Think of it this way: When you come down with a cold, common wisdom recommends a healthy dose of Vitamin C. Eat oranges, sip orange juice, or take a supplement — the more, the better. The problem is, multiple peer-reviewed studies have found this essential nutrient to be essentially useless when it comes to curing the common cold. Vitamin C is no more effective than a placebo — and overdoing it on the supplements can actually be harmful to your health. Plus, if you’re focusing on administering Vitamin C, you’re probably not addressing the root cause behind your malady.

In science journalism, we face a similar predicament. The media has diagnosed America as suffering from a severe plague of anti-science attitudes; all around us are voices that deny the profound implications of science, from vaccination opponents and climate change deniers to Evangelicals who challenge the teaching of evolution in schools. Common wisdom suggests that the remedy for these incorrect beliefs is to simply provide more reporting on the science. If we could just explain the science better, louder, and with more authority, then everyone would agree. Or so the thinking goes.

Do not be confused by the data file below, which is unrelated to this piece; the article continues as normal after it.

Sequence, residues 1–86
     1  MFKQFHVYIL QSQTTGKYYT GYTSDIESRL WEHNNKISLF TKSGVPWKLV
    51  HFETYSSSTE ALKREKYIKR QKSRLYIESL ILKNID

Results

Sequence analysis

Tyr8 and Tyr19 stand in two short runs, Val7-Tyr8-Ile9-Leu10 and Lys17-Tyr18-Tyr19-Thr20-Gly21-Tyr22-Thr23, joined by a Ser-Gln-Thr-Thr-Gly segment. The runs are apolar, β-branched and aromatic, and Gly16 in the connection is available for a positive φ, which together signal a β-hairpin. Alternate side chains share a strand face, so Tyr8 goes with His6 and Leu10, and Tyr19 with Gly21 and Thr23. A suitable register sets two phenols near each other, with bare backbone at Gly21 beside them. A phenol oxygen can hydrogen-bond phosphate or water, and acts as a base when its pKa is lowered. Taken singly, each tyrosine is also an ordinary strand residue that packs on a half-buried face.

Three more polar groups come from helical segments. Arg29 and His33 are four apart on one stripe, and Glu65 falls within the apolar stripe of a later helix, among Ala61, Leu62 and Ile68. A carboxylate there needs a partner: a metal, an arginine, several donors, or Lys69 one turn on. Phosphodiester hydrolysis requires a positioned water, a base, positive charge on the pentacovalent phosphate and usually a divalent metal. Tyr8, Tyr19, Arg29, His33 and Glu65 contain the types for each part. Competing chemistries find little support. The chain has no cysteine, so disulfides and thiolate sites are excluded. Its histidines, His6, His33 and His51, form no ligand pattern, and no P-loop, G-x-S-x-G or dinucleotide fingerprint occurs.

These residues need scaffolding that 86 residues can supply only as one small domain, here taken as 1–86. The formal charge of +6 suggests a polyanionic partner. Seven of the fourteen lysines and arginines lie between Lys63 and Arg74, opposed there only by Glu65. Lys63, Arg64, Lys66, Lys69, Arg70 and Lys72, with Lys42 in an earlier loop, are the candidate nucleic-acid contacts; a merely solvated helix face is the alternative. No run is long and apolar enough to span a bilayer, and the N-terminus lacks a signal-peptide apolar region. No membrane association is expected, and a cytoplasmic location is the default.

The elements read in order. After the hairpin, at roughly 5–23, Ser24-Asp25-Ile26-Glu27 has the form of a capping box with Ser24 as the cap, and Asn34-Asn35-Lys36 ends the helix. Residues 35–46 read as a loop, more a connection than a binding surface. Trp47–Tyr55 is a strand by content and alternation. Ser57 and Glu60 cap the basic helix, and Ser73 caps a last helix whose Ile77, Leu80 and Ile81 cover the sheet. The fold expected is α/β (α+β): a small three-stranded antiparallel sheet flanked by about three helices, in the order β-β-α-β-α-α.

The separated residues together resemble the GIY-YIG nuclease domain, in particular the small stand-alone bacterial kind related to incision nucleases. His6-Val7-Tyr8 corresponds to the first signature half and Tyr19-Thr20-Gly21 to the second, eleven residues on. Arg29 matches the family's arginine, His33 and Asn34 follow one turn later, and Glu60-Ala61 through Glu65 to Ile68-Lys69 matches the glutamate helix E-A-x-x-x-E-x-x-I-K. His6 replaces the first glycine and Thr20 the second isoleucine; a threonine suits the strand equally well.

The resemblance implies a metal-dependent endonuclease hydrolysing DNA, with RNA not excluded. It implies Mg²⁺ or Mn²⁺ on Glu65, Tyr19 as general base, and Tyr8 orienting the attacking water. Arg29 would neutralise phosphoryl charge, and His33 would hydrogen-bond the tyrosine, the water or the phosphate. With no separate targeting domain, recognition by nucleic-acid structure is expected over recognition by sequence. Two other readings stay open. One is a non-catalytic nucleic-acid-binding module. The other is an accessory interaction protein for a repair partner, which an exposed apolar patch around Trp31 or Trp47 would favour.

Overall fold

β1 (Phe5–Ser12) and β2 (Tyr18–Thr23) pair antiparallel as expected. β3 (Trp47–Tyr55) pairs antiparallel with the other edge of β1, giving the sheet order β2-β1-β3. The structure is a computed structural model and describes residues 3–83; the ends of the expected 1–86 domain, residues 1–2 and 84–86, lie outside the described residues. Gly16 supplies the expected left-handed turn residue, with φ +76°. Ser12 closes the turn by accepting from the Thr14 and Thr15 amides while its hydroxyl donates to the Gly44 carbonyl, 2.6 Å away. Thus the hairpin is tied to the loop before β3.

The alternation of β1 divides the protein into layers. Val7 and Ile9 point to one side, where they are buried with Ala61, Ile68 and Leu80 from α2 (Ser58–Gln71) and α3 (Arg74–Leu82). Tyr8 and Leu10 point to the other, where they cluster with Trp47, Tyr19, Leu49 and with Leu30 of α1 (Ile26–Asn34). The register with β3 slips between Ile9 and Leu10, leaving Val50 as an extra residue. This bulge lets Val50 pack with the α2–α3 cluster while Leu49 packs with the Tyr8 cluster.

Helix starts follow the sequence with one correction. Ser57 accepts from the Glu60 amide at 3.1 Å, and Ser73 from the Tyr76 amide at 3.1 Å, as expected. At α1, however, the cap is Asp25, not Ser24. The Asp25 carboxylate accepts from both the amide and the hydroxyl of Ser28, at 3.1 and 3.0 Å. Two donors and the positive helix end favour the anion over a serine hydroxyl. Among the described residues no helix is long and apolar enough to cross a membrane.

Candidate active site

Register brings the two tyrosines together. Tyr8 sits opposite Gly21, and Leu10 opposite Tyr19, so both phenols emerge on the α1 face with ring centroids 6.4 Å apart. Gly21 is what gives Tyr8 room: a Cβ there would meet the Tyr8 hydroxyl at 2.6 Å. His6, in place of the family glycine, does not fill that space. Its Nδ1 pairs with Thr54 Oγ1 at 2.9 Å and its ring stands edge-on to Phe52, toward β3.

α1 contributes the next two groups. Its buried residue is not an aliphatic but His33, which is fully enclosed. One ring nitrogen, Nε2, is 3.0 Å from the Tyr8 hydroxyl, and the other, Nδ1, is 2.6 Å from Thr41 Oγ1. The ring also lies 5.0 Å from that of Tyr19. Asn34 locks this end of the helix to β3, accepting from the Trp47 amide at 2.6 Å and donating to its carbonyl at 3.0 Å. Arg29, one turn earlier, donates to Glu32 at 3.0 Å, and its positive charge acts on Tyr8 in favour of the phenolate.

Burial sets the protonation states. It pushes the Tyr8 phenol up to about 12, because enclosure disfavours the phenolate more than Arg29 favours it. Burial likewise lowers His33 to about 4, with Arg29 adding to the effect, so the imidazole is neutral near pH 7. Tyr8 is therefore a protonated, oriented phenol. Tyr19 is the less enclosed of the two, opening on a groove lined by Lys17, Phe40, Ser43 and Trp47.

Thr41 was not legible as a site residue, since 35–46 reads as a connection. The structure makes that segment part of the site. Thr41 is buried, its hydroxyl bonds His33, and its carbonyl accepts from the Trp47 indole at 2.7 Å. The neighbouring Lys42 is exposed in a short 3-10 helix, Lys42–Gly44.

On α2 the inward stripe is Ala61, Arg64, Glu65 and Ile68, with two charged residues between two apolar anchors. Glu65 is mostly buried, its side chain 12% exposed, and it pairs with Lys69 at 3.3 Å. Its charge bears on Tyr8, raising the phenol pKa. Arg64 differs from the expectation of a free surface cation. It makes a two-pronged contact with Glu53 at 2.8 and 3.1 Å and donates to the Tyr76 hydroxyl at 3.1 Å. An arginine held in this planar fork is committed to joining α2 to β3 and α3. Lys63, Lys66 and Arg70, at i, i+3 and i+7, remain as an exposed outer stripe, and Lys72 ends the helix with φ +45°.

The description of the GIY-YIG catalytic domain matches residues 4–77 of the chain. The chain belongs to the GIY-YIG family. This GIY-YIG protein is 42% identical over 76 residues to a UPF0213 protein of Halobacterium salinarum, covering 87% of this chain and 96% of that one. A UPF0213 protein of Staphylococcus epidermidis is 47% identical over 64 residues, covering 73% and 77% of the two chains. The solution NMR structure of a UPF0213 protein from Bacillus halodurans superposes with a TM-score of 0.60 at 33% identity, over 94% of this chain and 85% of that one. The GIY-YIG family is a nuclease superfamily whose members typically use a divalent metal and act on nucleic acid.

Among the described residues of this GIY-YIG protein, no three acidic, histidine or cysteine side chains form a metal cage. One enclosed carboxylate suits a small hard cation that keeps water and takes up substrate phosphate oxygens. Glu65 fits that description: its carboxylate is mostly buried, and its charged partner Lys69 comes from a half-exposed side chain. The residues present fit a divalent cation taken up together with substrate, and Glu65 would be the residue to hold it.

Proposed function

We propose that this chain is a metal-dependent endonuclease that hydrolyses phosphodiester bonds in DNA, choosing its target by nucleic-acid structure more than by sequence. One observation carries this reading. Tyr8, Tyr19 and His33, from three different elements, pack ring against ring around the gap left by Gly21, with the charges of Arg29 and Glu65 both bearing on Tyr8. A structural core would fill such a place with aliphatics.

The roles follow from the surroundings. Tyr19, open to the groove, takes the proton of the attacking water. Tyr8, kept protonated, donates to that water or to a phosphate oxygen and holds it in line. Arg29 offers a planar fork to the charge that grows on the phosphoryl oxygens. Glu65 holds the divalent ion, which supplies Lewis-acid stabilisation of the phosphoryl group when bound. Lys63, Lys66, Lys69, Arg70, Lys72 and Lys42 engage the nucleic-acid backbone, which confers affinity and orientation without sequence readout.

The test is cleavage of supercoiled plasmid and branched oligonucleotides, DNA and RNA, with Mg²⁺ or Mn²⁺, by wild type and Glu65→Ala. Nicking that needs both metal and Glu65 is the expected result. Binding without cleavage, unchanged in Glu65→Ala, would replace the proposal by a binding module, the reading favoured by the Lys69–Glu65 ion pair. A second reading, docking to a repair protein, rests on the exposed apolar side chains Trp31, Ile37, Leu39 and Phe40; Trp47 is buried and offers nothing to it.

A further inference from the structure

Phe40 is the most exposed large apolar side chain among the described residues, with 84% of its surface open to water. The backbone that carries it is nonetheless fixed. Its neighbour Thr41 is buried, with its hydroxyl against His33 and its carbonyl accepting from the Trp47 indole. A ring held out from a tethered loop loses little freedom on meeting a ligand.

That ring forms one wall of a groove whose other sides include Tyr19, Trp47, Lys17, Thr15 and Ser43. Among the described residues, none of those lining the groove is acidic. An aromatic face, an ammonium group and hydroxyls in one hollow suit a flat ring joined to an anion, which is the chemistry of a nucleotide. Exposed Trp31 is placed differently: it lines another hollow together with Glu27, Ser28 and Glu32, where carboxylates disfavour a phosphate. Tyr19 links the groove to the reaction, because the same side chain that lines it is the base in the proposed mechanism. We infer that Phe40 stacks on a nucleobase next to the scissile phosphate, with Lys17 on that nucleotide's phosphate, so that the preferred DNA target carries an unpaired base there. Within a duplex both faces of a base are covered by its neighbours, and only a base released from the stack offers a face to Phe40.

The problem is, studies have shown time and time again that this strategy doesn’t work — and like Vitamin C, it can be counterproductive or even harmful when used in excess.

In academia, this strategy is known as the science deficit model, says Michael Cacciatore, a researcher who studies science and risk communication at the University of Georgia. It relies on the assumption that your audience is suffering from a cognitive flaw — a fundamental lack of understanding about scientific ideas, or an intellectual inability to grasp the science and its implications. This void, we think, can only be filled with more science.